by Nancy Spannaus
Oct. 9, 2018—On September 4, dozens of elected officials, and leaders from the labor and business community in New Jersey held a press conference in Secaucus to demand that action be taken now to unblock federal funding for the Gateway Project that would replace the antiquated bridge and tunnel system that links the two states across the Hudson River. Gateway Development Corporation trustees Jerry Zaro, Tony Coscia, and Steven Cohen issued the following statement after the event:
With 200,000 daily passenger trips, riders from New Jersey, New York and up and down the Northeast Corridor, and 10 percent of the nation’s economy dependent on a reliable and resilient rail link to New York City, there is simply no room and no excuse for failure. We’ve waited too long and allowed too many riders to suffer far too frequent delays and lost productivity. We must finally replace the deteriorating century old, one-track-in, one-track-out tunnel system with modern transportation infrastructure.
Just three days later, on Friday night Sept. 7, 1100 passengers on two New Jersey Transit trains crossing the Hudson River Tunnel saw why building Gateway was so urgent. Electrical wiring came loose, creating explosions, blackouts, and smoke throughout the cars. One car had its ceiling punctured by a hunk of metal. While no one was seriously hurt, and repairs were cobbled together by rush hour Monday morning, the reality of a possible imminent disastrous incident on the highly travelled New York-New Jersey transit corridor couldn’t be missed.
Infrastructure Bank Needed
Where is the major infrastructure program promised by the Trump Administration, and many members of Congress?
The answer is, nowhere. Both Congress and the President have refused to seriously take up the question of funding the necessary multi-trillion dollar national program needed to prevent the catastrophic breakdown of transit, water, and power systems around the nation. Are they waiting for an Italian-style collapse of a bridge, like the one in Genoa this summer which killed dozens? If so, it’s bound to happen.
Unlike in the rest of the country, a solution to the dangerous condition of the bridges and tunnels between New York and New Jersey has already begun to be implemented. According to the Gateway Development Corporation, which oversees the project, construction on the Portal North Bridge is proceeding on schedule and on budget. A structure to protect the water pipe which supplies water to Jersey City has been 95% completed, according to a Sept. 28 GDC press release. Plans for replacing the Hackensack Bridge and the main tunnel system are on the drawing boards, and ready to go.
One of the roadblocks to continuing has come from the Trump Administration, which has held up the environmental permits and given the project the lowest priority in competition for funds, apparently on the spurious claim that it is a “90% local” project. To the contrary, the North-East corridor is, in the words of the GDC, “the most heavily used passenger rail line in the U.S., with more than 2,000 trains per day carrying approximately 800,000 daily riders across eight states and Washington D.C.” States all along the East Coast are directly involved, and much of the nation as a whole.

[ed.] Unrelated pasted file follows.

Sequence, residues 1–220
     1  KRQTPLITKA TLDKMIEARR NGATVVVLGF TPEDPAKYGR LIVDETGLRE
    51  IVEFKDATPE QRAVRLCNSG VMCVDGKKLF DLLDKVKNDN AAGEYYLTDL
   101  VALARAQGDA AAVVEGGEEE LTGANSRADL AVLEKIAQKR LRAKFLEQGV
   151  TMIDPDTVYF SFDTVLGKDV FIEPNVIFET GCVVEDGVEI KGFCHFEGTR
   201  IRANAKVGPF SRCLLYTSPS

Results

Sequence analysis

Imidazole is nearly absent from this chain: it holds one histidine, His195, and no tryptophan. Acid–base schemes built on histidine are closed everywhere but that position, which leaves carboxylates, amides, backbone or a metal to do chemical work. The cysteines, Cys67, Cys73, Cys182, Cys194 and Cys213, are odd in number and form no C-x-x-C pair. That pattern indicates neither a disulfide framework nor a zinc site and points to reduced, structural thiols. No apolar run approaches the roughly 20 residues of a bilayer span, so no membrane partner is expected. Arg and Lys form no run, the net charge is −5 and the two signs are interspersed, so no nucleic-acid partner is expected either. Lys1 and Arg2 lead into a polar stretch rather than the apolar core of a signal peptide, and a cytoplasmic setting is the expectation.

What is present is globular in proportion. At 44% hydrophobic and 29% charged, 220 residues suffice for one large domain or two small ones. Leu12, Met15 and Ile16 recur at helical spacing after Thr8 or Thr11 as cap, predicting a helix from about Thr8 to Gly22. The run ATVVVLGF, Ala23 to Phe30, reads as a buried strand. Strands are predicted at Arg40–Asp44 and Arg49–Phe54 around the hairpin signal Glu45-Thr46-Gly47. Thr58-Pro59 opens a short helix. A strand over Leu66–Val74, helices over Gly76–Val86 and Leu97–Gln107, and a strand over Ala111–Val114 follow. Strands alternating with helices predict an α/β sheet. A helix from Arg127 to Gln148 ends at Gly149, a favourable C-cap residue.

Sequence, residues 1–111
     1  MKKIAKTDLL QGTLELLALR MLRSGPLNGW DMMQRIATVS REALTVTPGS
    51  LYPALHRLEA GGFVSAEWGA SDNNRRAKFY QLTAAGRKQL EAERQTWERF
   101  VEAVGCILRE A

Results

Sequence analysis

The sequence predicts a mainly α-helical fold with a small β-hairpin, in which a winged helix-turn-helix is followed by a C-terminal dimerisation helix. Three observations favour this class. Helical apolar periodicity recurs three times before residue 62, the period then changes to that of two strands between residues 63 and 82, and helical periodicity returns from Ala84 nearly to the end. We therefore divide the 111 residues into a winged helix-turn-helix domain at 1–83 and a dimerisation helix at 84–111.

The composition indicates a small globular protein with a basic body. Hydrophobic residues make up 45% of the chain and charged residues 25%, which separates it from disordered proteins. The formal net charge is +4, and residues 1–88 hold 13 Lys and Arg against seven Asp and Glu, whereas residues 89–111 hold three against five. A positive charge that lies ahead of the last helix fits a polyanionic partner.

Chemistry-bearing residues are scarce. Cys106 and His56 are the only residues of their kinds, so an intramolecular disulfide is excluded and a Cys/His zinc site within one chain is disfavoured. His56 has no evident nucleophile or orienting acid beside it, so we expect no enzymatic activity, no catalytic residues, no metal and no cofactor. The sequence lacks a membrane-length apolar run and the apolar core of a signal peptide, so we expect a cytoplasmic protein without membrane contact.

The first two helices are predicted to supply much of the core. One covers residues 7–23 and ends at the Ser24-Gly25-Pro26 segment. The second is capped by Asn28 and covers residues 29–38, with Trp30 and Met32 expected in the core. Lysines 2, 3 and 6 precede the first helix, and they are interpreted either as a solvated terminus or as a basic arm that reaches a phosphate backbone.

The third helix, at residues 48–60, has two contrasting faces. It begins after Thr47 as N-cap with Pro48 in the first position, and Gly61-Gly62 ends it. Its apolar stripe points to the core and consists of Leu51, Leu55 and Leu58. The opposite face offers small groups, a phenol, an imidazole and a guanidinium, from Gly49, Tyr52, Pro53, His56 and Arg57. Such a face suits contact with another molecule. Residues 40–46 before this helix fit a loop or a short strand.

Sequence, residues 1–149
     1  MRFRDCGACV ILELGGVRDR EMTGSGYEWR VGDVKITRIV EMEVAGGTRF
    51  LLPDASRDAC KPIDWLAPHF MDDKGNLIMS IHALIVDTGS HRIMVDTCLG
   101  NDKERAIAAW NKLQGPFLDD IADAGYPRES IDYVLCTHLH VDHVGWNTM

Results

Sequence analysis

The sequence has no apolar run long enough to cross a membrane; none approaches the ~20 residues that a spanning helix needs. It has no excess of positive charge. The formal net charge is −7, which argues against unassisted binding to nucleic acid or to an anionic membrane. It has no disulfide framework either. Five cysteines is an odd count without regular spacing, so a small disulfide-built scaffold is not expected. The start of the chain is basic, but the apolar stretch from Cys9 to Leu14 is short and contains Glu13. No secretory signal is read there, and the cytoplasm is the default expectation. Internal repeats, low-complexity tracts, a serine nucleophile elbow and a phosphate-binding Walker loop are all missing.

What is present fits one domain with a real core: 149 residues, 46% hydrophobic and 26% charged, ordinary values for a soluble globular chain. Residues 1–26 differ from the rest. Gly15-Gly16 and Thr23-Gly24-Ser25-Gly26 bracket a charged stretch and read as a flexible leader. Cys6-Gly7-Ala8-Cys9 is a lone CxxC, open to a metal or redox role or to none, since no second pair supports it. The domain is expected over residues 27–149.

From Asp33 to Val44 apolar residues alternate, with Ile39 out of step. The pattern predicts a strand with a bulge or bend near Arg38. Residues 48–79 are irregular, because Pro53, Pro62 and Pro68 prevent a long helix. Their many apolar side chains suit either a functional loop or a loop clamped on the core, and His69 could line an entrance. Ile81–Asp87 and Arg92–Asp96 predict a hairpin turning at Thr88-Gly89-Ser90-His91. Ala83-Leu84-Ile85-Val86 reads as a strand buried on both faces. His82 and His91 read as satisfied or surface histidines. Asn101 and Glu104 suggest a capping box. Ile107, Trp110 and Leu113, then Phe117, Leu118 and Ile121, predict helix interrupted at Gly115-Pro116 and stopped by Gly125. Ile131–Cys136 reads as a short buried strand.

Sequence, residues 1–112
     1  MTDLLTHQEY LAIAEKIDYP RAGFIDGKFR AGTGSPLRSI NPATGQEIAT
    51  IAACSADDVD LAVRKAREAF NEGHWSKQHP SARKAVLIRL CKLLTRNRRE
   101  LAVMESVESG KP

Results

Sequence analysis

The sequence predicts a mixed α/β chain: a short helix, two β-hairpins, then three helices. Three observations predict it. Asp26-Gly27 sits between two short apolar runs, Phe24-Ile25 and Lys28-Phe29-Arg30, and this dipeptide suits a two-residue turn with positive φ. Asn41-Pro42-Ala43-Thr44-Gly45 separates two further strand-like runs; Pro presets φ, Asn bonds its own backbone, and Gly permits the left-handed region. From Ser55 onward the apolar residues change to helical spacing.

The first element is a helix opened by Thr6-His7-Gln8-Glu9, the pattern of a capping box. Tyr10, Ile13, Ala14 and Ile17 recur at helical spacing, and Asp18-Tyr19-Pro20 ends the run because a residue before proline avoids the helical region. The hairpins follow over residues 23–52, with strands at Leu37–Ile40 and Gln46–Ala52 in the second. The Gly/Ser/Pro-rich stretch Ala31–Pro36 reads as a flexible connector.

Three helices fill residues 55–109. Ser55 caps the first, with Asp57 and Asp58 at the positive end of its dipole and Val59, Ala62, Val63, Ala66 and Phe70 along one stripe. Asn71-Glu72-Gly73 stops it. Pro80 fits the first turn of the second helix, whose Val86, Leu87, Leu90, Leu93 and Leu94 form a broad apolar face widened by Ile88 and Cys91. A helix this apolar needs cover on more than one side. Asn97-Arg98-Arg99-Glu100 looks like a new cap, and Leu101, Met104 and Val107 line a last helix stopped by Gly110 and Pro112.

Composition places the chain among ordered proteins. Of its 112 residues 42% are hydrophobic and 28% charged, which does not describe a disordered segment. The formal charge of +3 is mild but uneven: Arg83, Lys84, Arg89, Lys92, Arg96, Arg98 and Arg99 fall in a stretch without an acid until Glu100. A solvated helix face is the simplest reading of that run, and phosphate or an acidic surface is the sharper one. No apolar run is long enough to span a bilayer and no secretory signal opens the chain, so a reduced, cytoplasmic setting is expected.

The more knotty roadblock, however, is funding. New Jersey and New York have already committed to paying half the cost of the project, which runs to at least $15 billion, and up to $30 billion if connecting systems, such as Penn Station and the New York subway, are upgraded as they must be. A small amount of Federal funding has come through, but the flow has now been stopped. Current plans do not include bringing in private partners who would demand user fees, raising the cost for commuter and freight transport. Federal funds are desperately needed.
Congress could, and should, simply allocate the funds to move along this particular Hudson River project in its budget. But there is no excuse for delaying the adoption of a full national program of upgrading the nation’s collapsing infrastructure. There are many more disasters waiting to happen in an infrastructure grid that in many places dates back to the major infrastructure programs of Franklin Roosevelt’s New Deal, or even earlier. The Hudson River tunnel where the sparks were flying was built over 100 years ago.
The FDR model for funding the necessary national upgrades would be a good place to start. Roosevelt used the Reconstruction Finance Corporation (RFC) as a de facto national bank, providing Treasury guarantees for grants and loans, the latter of which were largely paid back over time. Another option would be to adopt a more direct Hamiltonian method by creating a National Infrastructure Bank, capitalized with already existing Federal government debt, and charged with lending long-term at low interest rates to necessary capital projects, from high-speed rail and rapid transit to nuclear desalination and fourth generation nuclear power plants.
Both New York and New Jersey political, business, and labor leaders are revving up their mobilization for Federal action. They held a Transport Summit on Sept. 12 to again stress the need for action. They called upon corporations up and down the Northeast Corridor to pressure their Congressmen. The spirit required was summed up by Zaro: “Failure is not an option! The tunnel will have to be built!”